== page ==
This “pandemic” year gave us all more time to think and reflect on the weaknesses of our established ways. Among sectors that were forced to engage in a deep re-think is the travel & tourism industry.
Along with airlines, tour operators, hotels and cruise lines, destinations also had the chance to take stock and identify aspects of their development that had gone awry and needed redirection. Already we see destinations that were previously facing over-tourism challenges doing exactly that. A good example is Venice that was receiving as many visitors annually as the whole of Greece. This overwhelming popularity became a poison with devastating effects on social cohesion, local quality of life, cultural integrity and destination value. The city is definitely taking a revised stand on tourism with a much more value oriented protective model.
A similar example at a much smaller scale is Santorini, Greece’s most identifiable icon. Everyone dreams about going there until they do and face an overwhelmed place that ultimately betrays their expectations. I can vouch for that from the cruise line feedback we were getting every summer!
In Greece long term value awareness is often lacking in both public and private sector thinking and that is evident in the development models – or lack thereof – that were followed in some of our most valuable destinations. The lull of the pandemic is an opportunity for all destinations to set new visions for their future in tourism. Destination value should be the most important consideration for all future planning, because it is the core element that determines sustainability and potential investment performance. Real estate, tourism development, hotel rates and even cruise calls hinge on a destination’s ability to protect, preserve and upgrade its value, both perceived and actual.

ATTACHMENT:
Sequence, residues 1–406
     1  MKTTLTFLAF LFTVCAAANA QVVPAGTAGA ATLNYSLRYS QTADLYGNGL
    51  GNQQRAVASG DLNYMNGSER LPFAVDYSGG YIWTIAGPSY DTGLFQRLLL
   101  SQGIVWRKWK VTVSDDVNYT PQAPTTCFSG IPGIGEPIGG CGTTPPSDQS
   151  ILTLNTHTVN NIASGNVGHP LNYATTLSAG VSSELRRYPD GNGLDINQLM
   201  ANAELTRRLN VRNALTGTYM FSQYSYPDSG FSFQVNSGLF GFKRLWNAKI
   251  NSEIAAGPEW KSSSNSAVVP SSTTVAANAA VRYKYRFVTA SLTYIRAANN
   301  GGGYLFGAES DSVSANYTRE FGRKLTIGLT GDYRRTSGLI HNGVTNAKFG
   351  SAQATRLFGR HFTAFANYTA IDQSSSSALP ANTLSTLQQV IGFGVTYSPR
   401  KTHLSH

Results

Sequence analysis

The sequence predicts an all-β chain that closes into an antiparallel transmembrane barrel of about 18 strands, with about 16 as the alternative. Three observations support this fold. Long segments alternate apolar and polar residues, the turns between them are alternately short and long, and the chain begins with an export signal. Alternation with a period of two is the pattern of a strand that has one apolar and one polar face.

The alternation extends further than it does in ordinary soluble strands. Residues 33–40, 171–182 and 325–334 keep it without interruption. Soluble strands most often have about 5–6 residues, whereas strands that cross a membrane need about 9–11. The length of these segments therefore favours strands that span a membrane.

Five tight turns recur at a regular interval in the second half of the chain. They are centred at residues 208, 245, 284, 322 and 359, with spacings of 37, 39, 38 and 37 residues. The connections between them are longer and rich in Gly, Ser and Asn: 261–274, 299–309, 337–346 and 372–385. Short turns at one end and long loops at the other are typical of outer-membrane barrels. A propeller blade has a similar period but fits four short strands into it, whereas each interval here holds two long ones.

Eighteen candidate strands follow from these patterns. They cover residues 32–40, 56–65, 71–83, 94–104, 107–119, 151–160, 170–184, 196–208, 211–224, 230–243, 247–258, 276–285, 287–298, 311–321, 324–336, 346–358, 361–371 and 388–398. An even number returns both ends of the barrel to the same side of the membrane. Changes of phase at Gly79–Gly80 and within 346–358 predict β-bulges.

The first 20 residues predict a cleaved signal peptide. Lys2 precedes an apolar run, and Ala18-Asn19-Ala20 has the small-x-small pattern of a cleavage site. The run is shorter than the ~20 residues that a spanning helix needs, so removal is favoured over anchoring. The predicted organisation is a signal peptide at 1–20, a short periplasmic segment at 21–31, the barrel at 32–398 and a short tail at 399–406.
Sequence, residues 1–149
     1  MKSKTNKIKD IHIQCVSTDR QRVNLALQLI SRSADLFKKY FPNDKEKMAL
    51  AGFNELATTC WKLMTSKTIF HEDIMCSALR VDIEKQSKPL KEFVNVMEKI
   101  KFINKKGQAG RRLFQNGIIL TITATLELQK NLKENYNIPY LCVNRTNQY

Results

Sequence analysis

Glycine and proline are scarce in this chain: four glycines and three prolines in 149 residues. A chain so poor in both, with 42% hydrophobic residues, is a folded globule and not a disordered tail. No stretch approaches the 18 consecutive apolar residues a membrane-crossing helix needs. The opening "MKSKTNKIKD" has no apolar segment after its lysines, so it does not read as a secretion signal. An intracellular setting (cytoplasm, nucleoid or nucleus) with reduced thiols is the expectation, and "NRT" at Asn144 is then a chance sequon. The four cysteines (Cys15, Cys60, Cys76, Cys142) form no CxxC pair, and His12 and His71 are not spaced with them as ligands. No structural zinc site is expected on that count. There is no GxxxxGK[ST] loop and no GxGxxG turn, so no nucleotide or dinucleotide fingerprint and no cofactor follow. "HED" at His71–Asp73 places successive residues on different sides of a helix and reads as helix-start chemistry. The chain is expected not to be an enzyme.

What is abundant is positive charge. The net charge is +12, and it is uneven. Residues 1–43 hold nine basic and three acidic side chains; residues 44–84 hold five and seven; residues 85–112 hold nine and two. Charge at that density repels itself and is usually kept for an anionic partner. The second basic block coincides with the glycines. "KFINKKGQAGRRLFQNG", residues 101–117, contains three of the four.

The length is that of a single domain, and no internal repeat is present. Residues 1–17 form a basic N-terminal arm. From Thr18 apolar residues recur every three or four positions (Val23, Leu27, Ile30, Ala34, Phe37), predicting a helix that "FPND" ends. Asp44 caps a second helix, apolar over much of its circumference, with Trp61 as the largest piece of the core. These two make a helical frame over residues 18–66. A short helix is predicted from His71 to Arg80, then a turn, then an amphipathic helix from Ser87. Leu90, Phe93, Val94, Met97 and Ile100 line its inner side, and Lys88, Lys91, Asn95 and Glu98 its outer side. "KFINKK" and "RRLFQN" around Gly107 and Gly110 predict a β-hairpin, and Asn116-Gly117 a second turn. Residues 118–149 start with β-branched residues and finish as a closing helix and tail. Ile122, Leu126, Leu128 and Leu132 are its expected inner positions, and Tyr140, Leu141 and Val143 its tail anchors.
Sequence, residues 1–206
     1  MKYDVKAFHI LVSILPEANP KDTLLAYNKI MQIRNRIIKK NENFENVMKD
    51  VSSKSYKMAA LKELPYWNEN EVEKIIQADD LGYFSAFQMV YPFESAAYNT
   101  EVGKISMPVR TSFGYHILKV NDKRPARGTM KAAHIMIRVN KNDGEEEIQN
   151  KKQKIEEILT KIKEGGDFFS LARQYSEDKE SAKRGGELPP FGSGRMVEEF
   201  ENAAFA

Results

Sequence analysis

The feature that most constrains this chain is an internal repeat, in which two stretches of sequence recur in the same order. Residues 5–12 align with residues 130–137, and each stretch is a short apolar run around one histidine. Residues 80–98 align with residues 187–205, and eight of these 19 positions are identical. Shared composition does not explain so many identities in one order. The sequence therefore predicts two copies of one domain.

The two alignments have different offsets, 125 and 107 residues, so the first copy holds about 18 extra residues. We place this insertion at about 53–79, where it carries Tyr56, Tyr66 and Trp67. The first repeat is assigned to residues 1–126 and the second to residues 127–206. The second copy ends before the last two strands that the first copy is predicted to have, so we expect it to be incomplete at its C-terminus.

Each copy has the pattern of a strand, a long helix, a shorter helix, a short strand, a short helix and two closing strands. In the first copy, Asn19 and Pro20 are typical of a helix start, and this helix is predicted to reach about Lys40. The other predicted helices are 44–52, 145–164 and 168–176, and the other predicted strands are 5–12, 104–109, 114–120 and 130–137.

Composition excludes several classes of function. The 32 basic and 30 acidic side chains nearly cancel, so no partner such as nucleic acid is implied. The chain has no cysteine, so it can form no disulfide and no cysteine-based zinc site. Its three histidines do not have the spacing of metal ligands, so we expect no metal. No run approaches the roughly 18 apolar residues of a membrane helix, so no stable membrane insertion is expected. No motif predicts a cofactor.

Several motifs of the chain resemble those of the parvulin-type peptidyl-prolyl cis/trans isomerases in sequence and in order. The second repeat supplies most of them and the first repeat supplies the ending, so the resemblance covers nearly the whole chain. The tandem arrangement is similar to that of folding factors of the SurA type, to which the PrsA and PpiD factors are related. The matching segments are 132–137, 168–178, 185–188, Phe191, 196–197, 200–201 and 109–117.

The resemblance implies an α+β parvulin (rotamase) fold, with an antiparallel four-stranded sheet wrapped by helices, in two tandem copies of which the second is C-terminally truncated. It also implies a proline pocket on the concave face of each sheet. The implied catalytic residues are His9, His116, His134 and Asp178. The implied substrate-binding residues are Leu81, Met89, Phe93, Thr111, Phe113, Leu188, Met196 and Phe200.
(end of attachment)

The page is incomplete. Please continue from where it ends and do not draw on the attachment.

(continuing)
However, the pursuit of higher destination value requires wide ranged public and private synergies that can ensure environmental protection, cultural integrity, timely infrastructure development and well regulated development planning and quality control. As long as there is a clear vision for the future, every destination can achieve some level of improvement and enter the “new normality” with better aimed goals.
The emerging post pandemic travel & tourism trends will be determined by many factors, obviously including airlift that will be a medium term problem for Greece, given that it is predominantly accessed by air. There are clear signs that premium and upscale markets will move very fast in the mid-term and we certainly see that in the cruise industry. In any case, Greece should focus on those markets with greater commitment, because the pandemic created a unique opportunity by allowing the time to revise direction and break away even further from the mass market model that haunts us. When the world fully returns to open travel, possibly in (about) two to three years, other more competitive players will be attracting the mass market more effectively. Let us not forget that Greece was hitting unprecedented arrival numbers in recent years mainly because geopolitical reasons knocked out Turkey and other low cost destinations.
Greece should grab the opportunity of this gradual world restart to adjust its value vision and aim higher in earnest, to establish a profile that will be far more profitable for all sectors involved in tourism. This means focusing on emerging trends in travel, new demographics that are rapidly taking over and the fast growth of high income markets. It takes boldness to envision a radical departure from “established ways”, but therein lies Greece’s future success in tourism.
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